New Government Plans To Boost Housing – How Can Conveyancers Protect Their Clients?

The election is over, and the Conservatives won a decisive victory.

While Brexit took much of the attention during the campaign, the Conservatives made a number of bold promises in their manifesto; one of which was to, “deliver at least another million homes  in the next five years, making further progress towards the target of 300,000 new houses a year by the mid-2020s”. This is heading towards the heady days of the late 1960s when over 350,000 home were built, but quite a leap from the approximately 40,000 new homes completed  each quarter in the last year. If the government is serious about building so many new homes, this then begs the question, where will the land come from? And how can new buyers be assured that their investment is protected from large-scale land development in their immediate area?

While new houses do need to be built, prospective buyers have every right to know whether new planned developments will place too much pressure on infrastructure in the local area if not also boosted correspondingly. Building homes is one thing, but building the road, bus, rail, drainage, schools, hospitals, GP, energy, and other vital infrastructure necessary to support daily life is also essential. It is for this reason that during the conveyancing process, prospective purchasers should be made aware of searches which may be valuable to them in future years, even if not immediately.

The Strategic Housing Land Availability Assessment (SHLAA)

Local Planning Authorities (LPA’s) across the UK regularly draw up and review their SLAA’s to identify land for future development. These are completed due to the legal obligation placed on LPA’s to “identify and update annually a supply of specific deliverable sites sufficient to provide a minimum of 5 years’ worth of housing against their housing requirement set out in adopted strategic policies”, according to the National Planning Policy Framework  defined by the Ministry of Housing, Communities & Local Government. The SLAA provides key information on a range of sites which could be used, not whether they will be used; this is defined in the LPA’s development plan. According to government planning guidance, it is the suitability, availability and achievability of sites, including whether the site is economically viable, which will determine if a site is ‘deliverable’ within the next five years. As such, the SLAA does not provide certainty that development will proceed in the coming years on the sites identified, but it provides a useful guide to prospective buyers.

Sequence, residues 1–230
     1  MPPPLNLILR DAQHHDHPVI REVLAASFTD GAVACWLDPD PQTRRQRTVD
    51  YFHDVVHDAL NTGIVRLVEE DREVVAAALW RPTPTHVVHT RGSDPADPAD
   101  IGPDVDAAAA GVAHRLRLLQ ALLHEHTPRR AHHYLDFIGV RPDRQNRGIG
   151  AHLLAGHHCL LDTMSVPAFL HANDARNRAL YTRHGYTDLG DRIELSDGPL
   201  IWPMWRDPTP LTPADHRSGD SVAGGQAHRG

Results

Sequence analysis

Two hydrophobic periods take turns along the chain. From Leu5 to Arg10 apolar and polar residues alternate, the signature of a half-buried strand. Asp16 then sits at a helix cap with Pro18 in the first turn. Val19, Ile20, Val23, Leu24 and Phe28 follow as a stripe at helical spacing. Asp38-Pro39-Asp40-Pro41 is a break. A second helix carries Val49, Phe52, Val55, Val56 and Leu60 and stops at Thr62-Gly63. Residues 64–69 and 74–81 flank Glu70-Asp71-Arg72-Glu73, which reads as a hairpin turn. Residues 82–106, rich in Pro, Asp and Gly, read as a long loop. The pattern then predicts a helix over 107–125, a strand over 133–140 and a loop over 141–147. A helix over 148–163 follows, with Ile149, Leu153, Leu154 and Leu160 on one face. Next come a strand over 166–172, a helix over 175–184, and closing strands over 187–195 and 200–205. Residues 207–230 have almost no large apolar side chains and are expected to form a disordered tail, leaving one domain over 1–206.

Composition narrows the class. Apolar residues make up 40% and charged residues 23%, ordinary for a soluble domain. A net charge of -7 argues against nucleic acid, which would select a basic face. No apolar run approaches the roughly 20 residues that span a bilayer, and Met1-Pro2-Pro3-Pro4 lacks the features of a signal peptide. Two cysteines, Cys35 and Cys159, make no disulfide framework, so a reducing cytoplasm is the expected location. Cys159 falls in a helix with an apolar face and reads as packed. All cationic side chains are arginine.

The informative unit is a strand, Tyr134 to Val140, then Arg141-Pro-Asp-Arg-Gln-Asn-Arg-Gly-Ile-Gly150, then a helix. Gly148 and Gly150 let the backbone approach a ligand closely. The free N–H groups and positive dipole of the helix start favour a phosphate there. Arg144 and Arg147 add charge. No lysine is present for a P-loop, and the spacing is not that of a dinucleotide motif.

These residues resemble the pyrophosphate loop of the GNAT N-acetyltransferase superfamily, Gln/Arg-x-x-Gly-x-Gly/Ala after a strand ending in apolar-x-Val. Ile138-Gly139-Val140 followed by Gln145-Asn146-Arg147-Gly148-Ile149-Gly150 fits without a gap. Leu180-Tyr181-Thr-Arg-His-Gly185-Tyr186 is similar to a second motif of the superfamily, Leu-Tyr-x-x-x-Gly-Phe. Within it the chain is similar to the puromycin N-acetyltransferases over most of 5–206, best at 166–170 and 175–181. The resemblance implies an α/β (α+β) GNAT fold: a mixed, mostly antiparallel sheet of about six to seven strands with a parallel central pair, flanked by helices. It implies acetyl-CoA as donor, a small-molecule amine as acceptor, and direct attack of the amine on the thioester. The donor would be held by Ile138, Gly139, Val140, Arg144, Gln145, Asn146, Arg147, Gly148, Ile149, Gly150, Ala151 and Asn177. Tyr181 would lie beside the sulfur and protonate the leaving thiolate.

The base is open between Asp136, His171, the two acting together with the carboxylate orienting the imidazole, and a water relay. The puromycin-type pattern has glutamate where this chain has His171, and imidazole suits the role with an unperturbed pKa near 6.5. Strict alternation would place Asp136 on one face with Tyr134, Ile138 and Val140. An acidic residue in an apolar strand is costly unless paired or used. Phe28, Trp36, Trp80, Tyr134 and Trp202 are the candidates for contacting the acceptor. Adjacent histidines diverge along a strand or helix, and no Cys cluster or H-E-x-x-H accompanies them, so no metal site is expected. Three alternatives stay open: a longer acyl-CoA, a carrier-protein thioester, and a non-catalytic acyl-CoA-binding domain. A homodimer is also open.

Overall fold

The importance of explaining search options to clients

Local authority searches provide a wealth of useful information relating to any restrictions relating to the land or property being purchased (LLC1) and public highways, roads, rail schemes, and planning decisions which may impact the property being purchased (CON29). The problem being that only planning decisions relating to the specific property will be covered. It for this reason that a Plansearch report may then be conducted. The Plansearch report covers applications and land use designations within a 250-metre radius. What it does not include, however, is information relating to how land in the immediate vicinity may be used in the future. Having such information to hand may even change the purchasing decision of the buyer. On the contrary, it may add to the resolve of the buyer, especially if the property may gain in value as a result of the potential development.

It is for this reason that a Devassess report may be highly beneficial. This report provides a detailed assessment of development risk within 75 metres of the property being purchased, including:

  • potential future development sites where no relevant planning history exists, and;
  • land allocated for development where no relevant planning history exists

Search providers Devassist , will also, for a premium, provide a detailed study of the relevant SHLAA, planned changes to nearby infrastructure, and Ordnance Survey (OS) mapping showing potential development sites.

Balancing the need for gathering more information with transaction completion times

Beyond the standard local authority searches, environmental searches and drainage and water searches, conveyancers must balance the need to protect their clients from future occurrences relating to their purchase with ensuring the transaction is completed in a timely manner. Most will recommend additional searches which they believe are required but given the vast array of specialist searches available in the UK, the purchaser cannot be expected to fully understand the relative merits of each. Indeed, they may just be seen as adding to the overall cost of the purchase. Given that specialist searches may provide information which is of considerable significance to the buyer, adding or subtracting from their buying decision, offering them peace of mind, or protecting their future interests, conveyancers can play a role in explaining the searches available and why they should be considered. By taking the time to protect the interests of clients, this will be seen as adding value to the conveyancing transaction and to the profession as a whole. This may now be especially important if we are on the cusp of a new home building boom.

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